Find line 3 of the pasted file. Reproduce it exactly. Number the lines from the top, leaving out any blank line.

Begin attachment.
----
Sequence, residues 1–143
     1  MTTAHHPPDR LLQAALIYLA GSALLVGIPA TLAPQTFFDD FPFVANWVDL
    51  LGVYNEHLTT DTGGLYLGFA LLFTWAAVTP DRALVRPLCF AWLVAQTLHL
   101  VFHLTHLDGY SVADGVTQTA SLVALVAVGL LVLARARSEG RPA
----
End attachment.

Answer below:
    51  LGVYNEHLTT DTGGLYLGFA LLFTWAAVTP DRALVRPLCF AWLVAQTLHL